Look Forward - Not Back
The Rev. Jason R. Grote
Many psychologists, known as Behavioralists, have supported the notion that a person’s behavioral patterns throughout life are shaped and established by their past. If a son has an alcoholic father, statistics show that they will be more likely to become an alcoholic later in life. If a child is physically or sexually abused, the probability that they will become abusive in some form is very high. Studies show that most women will marry men that reflect the same attributes and qualities as their fathers (even the ones they hated) and vice versa with the men.
We’ve all seen movies that reflect this idea. I can’t count the number of times I have seen a movie about an inner city group of kids that claim they cannot escape the ‘seedy’ lifestyle into which they were born. Over and over the statement comes, “I was born into this… I spent my whole life living like this… I can’t change the fact of who I am. I’m not as fortunate as others who were born into rich families…who go to good schools… who have a world of opportunities open to them.” Proverbs even supports this notion, “Raise up a child in the ways he should go and when he is old he will not depart from them.”
I’m not one who agrees with all that Behavioralists state but they have stated some experiential and practical ideas that ring true in our daily lives. So true in fact that many of us adopt these clinical theories without having any conscious awareness that we are. I mean, by this, that all too many people become focused solely on the past. I’d be pretty certain that there have been certain circumstances, events, and situations in everyone’s lives upon which they have transfixed themselves.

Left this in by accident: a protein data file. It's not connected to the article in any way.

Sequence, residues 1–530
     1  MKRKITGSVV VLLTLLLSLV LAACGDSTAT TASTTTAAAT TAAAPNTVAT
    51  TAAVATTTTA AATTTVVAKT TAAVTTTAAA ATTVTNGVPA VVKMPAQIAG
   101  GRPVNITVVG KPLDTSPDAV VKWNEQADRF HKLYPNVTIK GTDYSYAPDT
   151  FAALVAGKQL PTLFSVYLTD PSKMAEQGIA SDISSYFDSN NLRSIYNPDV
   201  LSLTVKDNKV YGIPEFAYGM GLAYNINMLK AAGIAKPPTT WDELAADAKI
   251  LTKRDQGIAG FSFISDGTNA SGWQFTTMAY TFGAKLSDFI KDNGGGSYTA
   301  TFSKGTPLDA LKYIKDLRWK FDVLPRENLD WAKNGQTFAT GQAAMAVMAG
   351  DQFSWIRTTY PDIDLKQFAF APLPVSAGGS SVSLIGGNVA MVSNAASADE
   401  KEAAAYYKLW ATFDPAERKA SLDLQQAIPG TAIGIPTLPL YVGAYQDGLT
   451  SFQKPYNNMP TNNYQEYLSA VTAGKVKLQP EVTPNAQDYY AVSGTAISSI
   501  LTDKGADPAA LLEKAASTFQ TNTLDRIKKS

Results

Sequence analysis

Perhaps it could be childhood abuse, a poor relationship with a parent, a sin never absolved, a family tragedy, a debilitating accident, a loved one’s death, unrealized dreams, sacrificial acts now regretted, divorce, or perhaps positive things such as a past triumph, a great time of prosperity, or a time of extreme popularity and influence.
These past events and experiences often become the focal points in people’s lives. Present emotions such as anger and depression are blamed on the past. Present circumstances are blamed on the past. The present inability to live a peaceful life is blamed on the past. The failures of marriage are blamed on the past. Everything is the “past’s” fault!! After all, our past determines our behavior now. Or so we erroneously believe.
St. Paul writes in Chapter 3 of his epistle to the Philippians about his past. He writes concerning the Jewish lifestyle he led--circumcised the eight day, a Hebrew of Hebrews, a Pharisee, a man of great zeal evidenced by his persecution of the Church, a blameless man according the righteousness of the law. St. Paul gave all this up for Christ. If any, here is a focal point on which St. Paul can blame all his present tribulations.
But that is not what he does. Immediately following his speech about his past he writes, “Yea doubtless, and I count all things but loss for the excellency of the knowledge of Christ Jesus my Lord: for who I have suffered the loss of all things, and do count them but dung…” And again, “But this one thing I do—forgetting those things which are behind, and reaching forth unto those things which are before-- I press toward the mark for the prize of the high calling of God in Christ Jesus.”
Instead of focusing on the losses that he suffered because
of following Christ he focuses on the gain he has. He doesn’t dwell on
the sacrifice that turned his own people against him. Instead, he seeks comfort
in the reward to come. These words are ones that I think everyone ought to hear
everyday of their lives because it is too easy to get wrapped up in things past
that we fail to look forward.
Past things can turn us around on the path of our long journey called life. We ourselves, and not the past, construct a wall that prohibits our advancement. We post and follow detour signs that turn us around. We unceasingly tread new paths that lead to the so-called ‘roadblock’ of the past. Yet the more we tread the more we despair because we realize that we cannot reach or remove it. So we circle around it, we stare at it, we yell and scream at it-- but it doesn’t budge. It only seems to increase because we end up throwing more and more of our present problems and woes on top of it. And seeing the growth we again try to diminish it. It can become a never ending cycle that prohibits any progression in life.